It’s the bar owner’s job to make people aware of the bar. To get them in the front door. To provide a safe, comfortable environment with great food and drink. In other words – to have a great experience.
The owner hires bartenders, and other employees, who understand his priorities – and do whatever it takes to help him achieve his goals.
What Is The Bartenders Job Description?
It is the bartender’s job to provide a great customer experience so that customers will return time and again. That is the bartender’s job – to work hand-in-hand with the bar owner to provide a great customer experience. Period.
Notice that I didn’t say “provide great customer service.” I want you to pay particular attention to this: Great customer service is a simply a tool to help provide an awesome customer experience. A tool that is just as important as the proper lighting, reasonably priced food and drink, and a winning attitude.
As a bartender, you are an asset. A resource. This is capitalism, baby! The bar owner leverages your labor to make himself more money. In other words, “I’ll pay you $100 per shift, and you ring up $1000 in sales.” Make no mistake – the bar owner is in this business to make a profit. You are there, working behind the bar, to make the bar owner money. Lots of it. It’s that simple.
As I mentioned before, the bar owner contributes to the customer experience by providing a clean, comfortable, and safe place to eat and drink. He provides the music, hires the employees, buys the décor, and purchases products. He pays the bills.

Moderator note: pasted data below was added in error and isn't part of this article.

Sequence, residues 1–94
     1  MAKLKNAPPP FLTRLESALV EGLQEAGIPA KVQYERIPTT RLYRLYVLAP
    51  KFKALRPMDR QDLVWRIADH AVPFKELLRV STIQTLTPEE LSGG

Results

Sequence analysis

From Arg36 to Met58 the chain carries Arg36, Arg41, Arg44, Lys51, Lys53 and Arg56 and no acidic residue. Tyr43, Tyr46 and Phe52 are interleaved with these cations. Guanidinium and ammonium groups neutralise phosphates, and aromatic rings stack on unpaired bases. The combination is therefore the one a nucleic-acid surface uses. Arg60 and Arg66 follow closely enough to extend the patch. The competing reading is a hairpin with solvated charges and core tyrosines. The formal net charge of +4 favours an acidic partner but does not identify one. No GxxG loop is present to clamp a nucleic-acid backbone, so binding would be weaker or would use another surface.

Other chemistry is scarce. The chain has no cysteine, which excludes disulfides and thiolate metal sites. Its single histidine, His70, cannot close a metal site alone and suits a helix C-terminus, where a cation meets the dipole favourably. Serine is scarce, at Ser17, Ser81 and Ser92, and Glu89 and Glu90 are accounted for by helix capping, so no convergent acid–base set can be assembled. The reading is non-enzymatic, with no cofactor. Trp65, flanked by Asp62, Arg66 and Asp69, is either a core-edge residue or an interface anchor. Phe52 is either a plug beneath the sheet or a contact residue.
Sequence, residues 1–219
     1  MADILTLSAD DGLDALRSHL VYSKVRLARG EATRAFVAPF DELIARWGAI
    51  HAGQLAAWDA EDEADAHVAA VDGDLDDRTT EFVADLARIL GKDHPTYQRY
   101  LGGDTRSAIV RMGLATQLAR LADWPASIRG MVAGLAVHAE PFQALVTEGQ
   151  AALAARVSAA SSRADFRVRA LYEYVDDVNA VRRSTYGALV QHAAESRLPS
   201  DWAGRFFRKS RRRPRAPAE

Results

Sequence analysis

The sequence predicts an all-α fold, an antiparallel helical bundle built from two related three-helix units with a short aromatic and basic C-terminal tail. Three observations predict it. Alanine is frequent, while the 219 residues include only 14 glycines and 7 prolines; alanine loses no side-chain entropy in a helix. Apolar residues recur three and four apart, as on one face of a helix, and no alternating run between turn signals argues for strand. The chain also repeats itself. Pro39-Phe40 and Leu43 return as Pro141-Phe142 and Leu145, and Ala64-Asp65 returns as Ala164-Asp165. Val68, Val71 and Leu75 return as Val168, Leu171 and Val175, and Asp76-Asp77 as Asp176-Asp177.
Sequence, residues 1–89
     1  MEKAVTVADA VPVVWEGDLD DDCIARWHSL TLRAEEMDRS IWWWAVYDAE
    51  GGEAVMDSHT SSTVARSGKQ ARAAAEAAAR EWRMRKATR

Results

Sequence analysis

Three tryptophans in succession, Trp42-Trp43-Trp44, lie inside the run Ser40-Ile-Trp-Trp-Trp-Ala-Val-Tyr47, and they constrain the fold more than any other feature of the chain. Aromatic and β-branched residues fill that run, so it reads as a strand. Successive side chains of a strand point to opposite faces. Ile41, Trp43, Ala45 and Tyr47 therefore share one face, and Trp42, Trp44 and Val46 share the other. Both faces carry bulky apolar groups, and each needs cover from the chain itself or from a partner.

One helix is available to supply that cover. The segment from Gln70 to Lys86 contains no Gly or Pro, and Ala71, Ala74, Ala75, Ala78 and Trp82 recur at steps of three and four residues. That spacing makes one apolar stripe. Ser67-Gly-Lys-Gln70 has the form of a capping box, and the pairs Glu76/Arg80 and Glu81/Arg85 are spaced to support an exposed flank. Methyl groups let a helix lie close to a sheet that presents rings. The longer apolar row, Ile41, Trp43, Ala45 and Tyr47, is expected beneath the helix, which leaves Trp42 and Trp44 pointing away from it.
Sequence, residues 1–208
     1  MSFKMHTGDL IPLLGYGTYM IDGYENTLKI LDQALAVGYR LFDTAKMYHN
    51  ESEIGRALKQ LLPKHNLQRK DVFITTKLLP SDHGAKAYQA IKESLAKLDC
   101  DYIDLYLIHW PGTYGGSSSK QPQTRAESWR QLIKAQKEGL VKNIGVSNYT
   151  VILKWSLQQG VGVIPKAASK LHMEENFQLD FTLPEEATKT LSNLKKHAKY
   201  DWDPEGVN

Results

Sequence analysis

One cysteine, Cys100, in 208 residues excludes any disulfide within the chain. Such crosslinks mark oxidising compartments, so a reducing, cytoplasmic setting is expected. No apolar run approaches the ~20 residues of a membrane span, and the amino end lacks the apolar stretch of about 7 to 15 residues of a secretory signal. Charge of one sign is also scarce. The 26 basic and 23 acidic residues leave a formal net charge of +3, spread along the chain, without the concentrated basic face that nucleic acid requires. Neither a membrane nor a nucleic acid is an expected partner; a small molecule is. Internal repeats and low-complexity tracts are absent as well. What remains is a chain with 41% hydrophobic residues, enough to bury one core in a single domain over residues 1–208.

He strives to create his idea of the perfect atmosphere – and then hires a bartender, and other employees, to work within that atmosphere and help provide a great experience for his customers.
So, then, what is the bartender’s role in all of this? Of course there is a job description – many bars will have this spelled out, and in writing, upon hiring you. However, it took me a few years to realize what I was really doing behind the bar during a shift:
Knowing a drink recipe is 10% of the job. If that. My real job was to make sure the customer was enjoying himself. Enjoying the food and drink. Enjoying the atmosphere – just taking some time out from his busy day to relax a bit. Enjoying a great experience!
Of course, you might say, “But that’s not possible in an extremely busy bar.” And you would be correct – somewhat. Remember, every bar is different! Every bar owner is different. Priorities and policy can be different in every bar. There are busy times. There are slow times. Adjust accordingly!
If you, as a bartender, can consistently help provide a great customer experience – you are exactly what a bar manager is looking for. You’re hired!
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